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The Cowboys defense in two words: Chaotic simplicity

Dan Quinn mixes very standard coverages with pre-snap disguises and chaos on the line to become an elite defense.

Dallas Cowboys v New Orleans Saints Photo by Cooper Neill/Getty Images

The Dallas Cowboys defense has been one of the best in the league in the two years since Dan Quinn elected to join Mike McCarthy’s staff as the defensive coordinator, only a few months removed from being dismissed mid-season as head coach of the Atlanta Falcons,

The turnaround from being one of the league’s worst defenses in 2020 to one of its best in 2021-2022 has garnered Quinn praise for reinventing himself, and created consistent buzz related to just about every head coaching vacancy. But how has Quinn crafted one to the top units in the league?

It boils down to two words.... chaotic simplicity.

Quinn has not revolutionized who he is as a defensive coach. The fingerprints of the Legion of Boom that Quinn coordinated a decade ago are still all over this Dallas defense. That Seahawks group was famous for being almost embarrassingly simple in their coverage schemes. Those teams ran Cover-1 (man coverage with a free safety in the middle of the field), or Cover-3 (three deep/four under zone coverage), on virtually every snap.

In 2022, Quinn called Cover-1, Cover-3 or Cover-2 (two deep/five under zone coverage usually with a linebacker dropping deep to the middle of the field) on over 83% of the Cowboys’ defensive snaps. These three coverages are the most basic and universal coverages used in the NFL, and are called every week in middle schools and high schools all over the country. Every offense in the league has concepts designed to beat these coverages, and every quarterback knows how to read them and what to expect when they face them.

So how is the Dallas defense able to be so simple in coverage, and still be second in total defensive DVOA, and third in pass defense DVOA?

One way is that the Cowboys do a good job of giving quarterbacks false keys pre-snap.

This play with Trevon Diggs lined up “out of position” in the slot against Cooper Kupp, and Leighton Vander Esch aligned wide over the tight end is a great example. This tells the quarterback it’s almost certain to be man, but then the team drops to Cover 2, with a linebacker in the role traditionally played by the corner, and a boundary corner in the role traditionally played by a linebacker or slot corner.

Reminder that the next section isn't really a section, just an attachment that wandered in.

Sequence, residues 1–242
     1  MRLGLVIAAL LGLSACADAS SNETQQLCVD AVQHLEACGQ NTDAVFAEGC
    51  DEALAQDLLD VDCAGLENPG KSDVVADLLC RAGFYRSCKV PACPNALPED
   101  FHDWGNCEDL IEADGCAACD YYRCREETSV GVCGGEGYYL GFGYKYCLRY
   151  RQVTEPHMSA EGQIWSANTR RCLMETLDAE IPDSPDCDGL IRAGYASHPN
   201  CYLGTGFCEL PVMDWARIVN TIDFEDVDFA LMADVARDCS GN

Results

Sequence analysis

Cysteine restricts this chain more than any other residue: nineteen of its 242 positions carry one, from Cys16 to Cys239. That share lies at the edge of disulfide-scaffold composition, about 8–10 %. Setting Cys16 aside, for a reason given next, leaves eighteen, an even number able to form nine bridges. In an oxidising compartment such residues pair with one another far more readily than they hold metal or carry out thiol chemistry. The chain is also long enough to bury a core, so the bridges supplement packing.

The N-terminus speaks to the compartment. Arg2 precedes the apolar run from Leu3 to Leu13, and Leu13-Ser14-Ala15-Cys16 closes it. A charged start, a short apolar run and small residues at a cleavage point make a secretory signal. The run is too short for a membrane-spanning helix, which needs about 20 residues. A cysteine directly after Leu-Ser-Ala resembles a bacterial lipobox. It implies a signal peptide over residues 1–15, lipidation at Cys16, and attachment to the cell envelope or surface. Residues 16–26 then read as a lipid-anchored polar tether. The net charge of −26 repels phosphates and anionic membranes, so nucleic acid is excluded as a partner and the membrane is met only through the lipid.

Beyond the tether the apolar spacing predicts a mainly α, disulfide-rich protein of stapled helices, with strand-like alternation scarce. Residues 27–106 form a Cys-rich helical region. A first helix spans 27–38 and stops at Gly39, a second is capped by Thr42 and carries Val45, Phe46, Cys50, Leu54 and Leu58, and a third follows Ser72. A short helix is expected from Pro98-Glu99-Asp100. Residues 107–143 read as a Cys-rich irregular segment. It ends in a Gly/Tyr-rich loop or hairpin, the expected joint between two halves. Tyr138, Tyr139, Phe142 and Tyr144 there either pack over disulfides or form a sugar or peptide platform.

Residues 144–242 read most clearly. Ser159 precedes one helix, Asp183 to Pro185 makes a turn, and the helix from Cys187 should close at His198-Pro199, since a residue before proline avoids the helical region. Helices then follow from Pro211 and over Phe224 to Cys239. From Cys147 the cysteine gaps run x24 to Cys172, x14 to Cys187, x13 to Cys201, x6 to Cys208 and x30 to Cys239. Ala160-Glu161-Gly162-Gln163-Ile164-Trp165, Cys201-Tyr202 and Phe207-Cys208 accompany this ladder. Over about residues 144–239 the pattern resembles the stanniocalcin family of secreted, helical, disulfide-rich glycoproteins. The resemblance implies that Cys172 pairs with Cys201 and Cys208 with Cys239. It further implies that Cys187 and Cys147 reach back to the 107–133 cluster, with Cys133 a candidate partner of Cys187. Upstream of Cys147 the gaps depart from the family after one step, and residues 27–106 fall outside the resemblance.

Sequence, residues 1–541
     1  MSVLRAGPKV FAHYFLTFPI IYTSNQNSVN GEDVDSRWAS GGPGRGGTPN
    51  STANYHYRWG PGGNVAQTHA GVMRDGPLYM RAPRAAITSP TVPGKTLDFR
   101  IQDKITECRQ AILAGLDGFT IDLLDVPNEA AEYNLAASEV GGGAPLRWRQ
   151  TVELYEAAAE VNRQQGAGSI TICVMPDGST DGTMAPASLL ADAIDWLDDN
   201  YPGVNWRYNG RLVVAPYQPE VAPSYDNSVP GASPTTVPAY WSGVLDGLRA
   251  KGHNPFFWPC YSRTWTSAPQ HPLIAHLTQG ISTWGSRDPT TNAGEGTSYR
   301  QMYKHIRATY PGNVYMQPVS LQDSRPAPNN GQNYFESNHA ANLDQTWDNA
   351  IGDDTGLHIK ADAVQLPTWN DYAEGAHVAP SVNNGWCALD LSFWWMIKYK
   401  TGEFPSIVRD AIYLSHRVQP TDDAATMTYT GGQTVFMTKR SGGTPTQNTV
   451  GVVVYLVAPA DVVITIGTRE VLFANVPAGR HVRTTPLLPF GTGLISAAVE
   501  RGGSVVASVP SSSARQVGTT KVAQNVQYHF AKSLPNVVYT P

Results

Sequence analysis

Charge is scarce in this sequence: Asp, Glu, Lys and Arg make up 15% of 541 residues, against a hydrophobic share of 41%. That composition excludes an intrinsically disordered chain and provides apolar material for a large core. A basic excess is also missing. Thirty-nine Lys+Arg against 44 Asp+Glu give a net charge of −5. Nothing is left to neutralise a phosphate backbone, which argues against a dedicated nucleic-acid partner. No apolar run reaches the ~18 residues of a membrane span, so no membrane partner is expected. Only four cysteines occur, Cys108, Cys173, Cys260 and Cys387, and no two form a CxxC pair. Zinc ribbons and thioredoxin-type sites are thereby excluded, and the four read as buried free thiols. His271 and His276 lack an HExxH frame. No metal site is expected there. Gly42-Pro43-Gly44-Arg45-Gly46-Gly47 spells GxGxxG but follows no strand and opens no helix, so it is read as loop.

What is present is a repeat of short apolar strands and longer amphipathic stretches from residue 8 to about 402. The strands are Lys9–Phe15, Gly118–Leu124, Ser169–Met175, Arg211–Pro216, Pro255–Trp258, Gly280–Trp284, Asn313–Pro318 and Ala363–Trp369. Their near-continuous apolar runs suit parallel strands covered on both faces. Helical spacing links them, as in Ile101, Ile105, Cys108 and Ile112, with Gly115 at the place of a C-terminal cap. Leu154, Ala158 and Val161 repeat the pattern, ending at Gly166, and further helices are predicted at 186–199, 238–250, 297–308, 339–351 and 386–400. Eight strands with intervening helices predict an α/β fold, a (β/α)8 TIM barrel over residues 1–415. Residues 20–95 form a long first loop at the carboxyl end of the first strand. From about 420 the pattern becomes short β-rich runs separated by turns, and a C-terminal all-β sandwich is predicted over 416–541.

And another example of the changing picture here, as Parsons’ pre-snap alignment and movement with the shift from the running back insinuates that they are in man coverage. Combine that with the fact that the rest of the defense doesn’t change alignment or really show any indications of adjustment or communication, and the quarterback is thinking man coverage on third and long, probably with Parsons adding to the pressure inside. But instead they once again drop to a very simple Cover-2 look and force a check down.

But for these types of tactics to really pay off and give you an elite defense, you need more, you need chaos.

When you think of chaos caused by defenses, you think of all-out blitz schemes called by Wink Martindale, or Gregg Williams calling some crazy six or seven man rush.

But Quinn has been able to create this chaos using mostly four or five man pressures and very traditional and sound coverage structures. In fact, of the 207 blitzes the Cowboys ran against the pass in 2022, over 80% were only five man rushes, and another 10% were “simulated” pressures, where a non-defensive lineman rushed, but only four total players actually rushed the passer. Quinn is able to do this because he has really good players up front, and he has deployed them in ways that give them a chance to succeed.

Plays like this exist all over the Cowboys tape, defensive linemen slanting, twisting, and stunting in every imaginable direction, combined with individuals winning their matchups, and the result is chaos for offenses.

The Cowboys play very simple, and sound coverage structures, dressed up with some false flags and window dressing, and create chaos with high level talent, and multiple fronts and pressure looks up front, and opposing quarterbacks wind up in a world of trouble.

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